Professor Berryman will deliver a seminar at the Faculty of Law on the topic: "Stories of Evolution in Specific Performance: A Canadian Tale"
The seminar will take place on from 12PM - 1PM, 16th August 2012.
In 1996, the late Justice Sopinka, of the Supreme Court of Canada, made the following obiter dicta comments on the relationship between specific performance and the sale of real estate.
While at one time the common law regarded every piece of real estate to be unique, with the progress of modern real estate development this is no longer the case. Residential, business and industrial properties are all mass produced much in the same way as other consumer products. If a deal falls through for one property, another is frequently, though not always, readily available. It is no longer appropriate, therefore, to maintain a distinction in the approach to specific performance as between realty and personalty. It cannot be assumed that damages for breach of contract for the purchase and sale of real estate will be an inadequate remedy in all cases. Courts have tended, however, to simply treat all real estate as being unique and to decree specific performance unless there was some other reason for refusing equitable relief... Specific performance should, therefore, not be granted as a matter of course absent evidence that the property is unique to the extent that its substitute would not be readily available.
Clearly, this passage from Semelhago v. Paramadevan was going to have an impact on the practice of real estate litigation in Canada. And, in fact, it has led to an evidential requirement placed upon plaintiffs to provide evidence of uniqueness. But has it changed the substantive outcome of those decisions? Sharpe writes that; “There has not, however, been a dramatic change in practical results, particularly with respect to residential property.” I agree with Sharpe’s assessment that the substantive changes do not appear to have been ‘dramatic’, but they are noticeable, particularly for property developers and investors. In the first part of this note, I describe some of the changes that Sopinka J.’s comment has brought to Canadian law. In the second part I offer some observations on the role of the relationship of specific performance as a contractual remedy in real estate transactions.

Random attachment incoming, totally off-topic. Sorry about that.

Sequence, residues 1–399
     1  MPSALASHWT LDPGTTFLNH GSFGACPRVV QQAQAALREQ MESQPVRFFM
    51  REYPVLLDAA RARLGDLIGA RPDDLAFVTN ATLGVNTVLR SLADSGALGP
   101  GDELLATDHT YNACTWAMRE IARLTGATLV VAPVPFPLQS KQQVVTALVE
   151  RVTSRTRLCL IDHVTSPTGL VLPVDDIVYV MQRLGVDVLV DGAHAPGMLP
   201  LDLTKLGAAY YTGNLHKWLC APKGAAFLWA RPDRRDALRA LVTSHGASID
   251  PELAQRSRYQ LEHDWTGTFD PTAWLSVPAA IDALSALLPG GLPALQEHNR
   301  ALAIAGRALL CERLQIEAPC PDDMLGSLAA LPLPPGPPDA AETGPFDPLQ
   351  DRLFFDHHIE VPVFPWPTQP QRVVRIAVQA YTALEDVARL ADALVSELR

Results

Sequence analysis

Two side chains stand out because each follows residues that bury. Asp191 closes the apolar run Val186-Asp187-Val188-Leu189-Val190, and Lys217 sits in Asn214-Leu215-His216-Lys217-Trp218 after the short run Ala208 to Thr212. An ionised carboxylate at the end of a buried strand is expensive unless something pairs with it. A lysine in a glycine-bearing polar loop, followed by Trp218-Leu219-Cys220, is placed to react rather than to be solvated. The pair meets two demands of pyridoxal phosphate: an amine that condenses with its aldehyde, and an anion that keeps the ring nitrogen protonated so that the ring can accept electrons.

Jeff Berryman is a Professor of Law at the Faculty of Law, University of Windsor, Canada, where he has been for the past 30 years. In addition, he holds a part-time appointment as Professor of Law, Faculty of Law, University of Auckland, N.Z. A specialist in remedies, he also teaches contract law and restitution. He is the author of “The Law of Equitable Remedies” (Irwin Publishing – Essentials of Canadian Law series) and is the co-ordinating editor and contributing author of Berryman et al, “Remedies: Cases and Materials” now in its 6th ed., published by Emond Montgomery. His published articles have appeared in journals in Canada, Australia, New Zealand, The United States, and England. He has advised the New Zealand Ministry of Justice, Ontario Law Reform Commission, and the Federal Court of Canada. He is a member of the Law Society of Upper Canada and a barrister and solicitor of the High Court of New Zealand.
Authorised by the Dean, Faculty of Law
18 July, 2012